In the last-minute revisions, however, the 33% threshold was removed from the bill and the decision of what to regulate was left entirely to the Department of Homeland Security.
Tests conducted by the Defense Department since the Oklahoma City bombing have demonstrated that the fertilizer can blow up with as little as 10% to 25% nitrogen content, according to ATF and defense officials.
In one test, a hopper car full of fertilizer yielded an explosion equal to 20,000 pounds of TNT, a senior Defense official said. That is about the equivalent of the largest conventional ordnance in the Pentagon’s arsenal, and four times the estimated size of the Oklahoma City blast.
Detonating ammonium nitrate requires a booster, such as widely available special gunpowder or harder-to-get plastic explosives.
Mixing fuel oil with ammonium nitrate is sometimes done to improve its explosive power but is not necessary.
The Fertilizer Institute asserts that there is no public evidence that fertilizer with a concentration of nitrogen lower than 34% can be easily detonated. “I would like to see the data on that,” said Kathy Mathers, its vice president for public affairs. “ATF has refused to share the testing data.”
An ATF spokeswoman said Friday that she had no information on the issue and she could find no official available to respond.
At least some of the test data have been classified by the Defense Department. But current and former ATF officials -- who spoke with the Los Angeles Times on condition of anonymity because they were not authorized to discuss the matter publicly -- said Pentagon tests showed conclusively that lower concentrations could detonate, and that videos of those tests were shown to the Fertilizer Institute staff.
Critics of the ammonium nitrate act also say the legislation splits jurisdiction over explosives between Homeland Security and the ATF.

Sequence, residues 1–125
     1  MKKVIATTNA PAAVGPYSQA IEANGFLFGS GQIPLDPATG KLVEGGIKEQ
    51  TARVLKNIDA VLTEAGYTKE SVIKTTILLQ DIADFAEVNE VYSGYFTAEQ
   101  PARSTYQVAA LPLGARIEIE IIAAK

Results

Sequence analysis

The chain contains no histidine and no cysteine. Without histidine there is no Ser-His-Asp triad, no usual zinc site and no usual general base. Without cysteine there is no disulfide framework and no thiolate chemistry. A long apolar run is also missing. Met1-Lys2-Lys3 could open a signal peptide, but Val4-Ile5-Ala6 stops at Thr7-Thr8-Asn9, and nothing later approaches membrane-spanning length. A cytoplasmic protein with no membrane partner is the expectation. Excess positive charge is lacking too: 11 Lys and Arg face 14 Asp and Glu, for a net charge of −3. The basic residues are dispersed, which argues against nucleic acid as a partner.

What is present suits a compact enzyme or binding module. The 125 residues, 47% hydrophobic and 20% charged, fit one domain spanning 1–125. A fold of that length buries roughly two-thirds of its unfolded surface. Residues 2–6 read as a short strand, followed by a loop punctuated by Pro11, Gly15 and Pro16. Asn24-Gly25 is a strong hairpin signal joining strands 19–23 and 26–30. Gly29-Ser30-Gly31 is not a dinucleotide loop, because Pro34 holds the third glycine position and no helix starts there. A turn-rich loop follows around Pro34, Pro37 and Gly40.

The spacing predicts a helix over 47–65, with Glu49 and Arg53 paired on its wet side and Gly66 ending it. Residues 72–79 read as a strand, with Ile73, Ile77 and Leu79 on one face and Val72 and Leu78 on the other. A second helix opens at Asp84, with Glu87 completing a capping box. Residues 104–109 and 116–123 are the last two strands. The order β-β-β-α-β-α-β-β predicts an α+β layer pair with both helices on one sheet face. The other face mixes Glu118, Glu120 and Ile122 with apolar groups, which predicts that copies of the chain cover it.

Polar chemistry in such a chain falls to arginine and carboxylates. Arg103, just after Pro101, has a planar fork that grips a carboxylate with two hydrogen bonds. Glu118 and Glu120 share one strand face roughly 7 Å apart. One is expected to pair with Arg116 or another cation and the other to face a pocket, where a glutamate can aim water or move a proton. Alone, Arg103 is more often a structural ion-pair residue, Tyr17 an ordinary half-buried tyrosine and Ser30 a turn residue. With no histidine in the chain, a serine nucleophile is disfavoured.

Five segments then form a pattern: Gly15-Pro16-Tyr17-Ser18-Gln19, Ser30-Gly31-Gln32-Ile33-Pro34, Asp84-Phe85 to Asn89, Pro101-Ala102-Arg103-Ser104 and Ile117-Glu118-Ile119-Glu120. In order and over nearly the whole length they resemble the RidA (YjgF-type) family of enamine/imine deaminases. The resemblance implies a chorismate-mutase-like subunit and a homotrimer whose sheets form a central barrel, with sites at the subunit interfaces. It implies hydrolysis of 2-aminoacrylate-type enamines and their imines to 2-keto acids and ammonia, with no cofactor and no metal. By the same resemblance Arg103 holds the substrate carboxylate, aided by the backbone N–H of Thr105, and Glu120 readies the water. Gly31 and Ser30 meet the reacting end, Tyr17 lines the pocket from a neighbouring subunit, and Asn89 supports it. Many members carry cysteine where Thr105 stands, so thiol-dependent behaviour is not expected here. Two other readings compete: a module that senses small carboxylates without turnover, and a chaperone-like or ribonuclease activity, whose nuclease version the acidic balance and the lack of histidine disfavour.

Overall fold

After the Sept. 11, 2001, terrorist attacks, the ATF was given responsibility for tight new regulations on explosives such as TNT and dynamite under the Safe Explosives Act of 2002.
“We have made policy recommendations that ammonium nitrate be regulated by ATF, so as not to create one more agency with jurisdiction,” said Jeffrey L. Dean, executive director of the International Society of Explosives Engineers, a technical group based in Cleveland.
“The more agencies that get involved, the more confusion that exists, and the more confusion that exists, the less safety we have.”
The explosives industry has worked closely with the ATF to improve domestic control of explosives, Dean said, a system that was difficult to implement but is now working well. Currently, federal licenses are required to purchase dynamite and TNT, as well as some prepared blends of ammonium nitrate and fuel oil, but not raw ammonium nitrate.
Outside groups are asking for tougher action. “Congress simply didn’t understand what it was doing,” said Peter Stockton, senior investigator for one of the groups, the Project on Government Oversight, which is a watchdog on national security issues.
“Maybe they thought doing something was better than nothing.”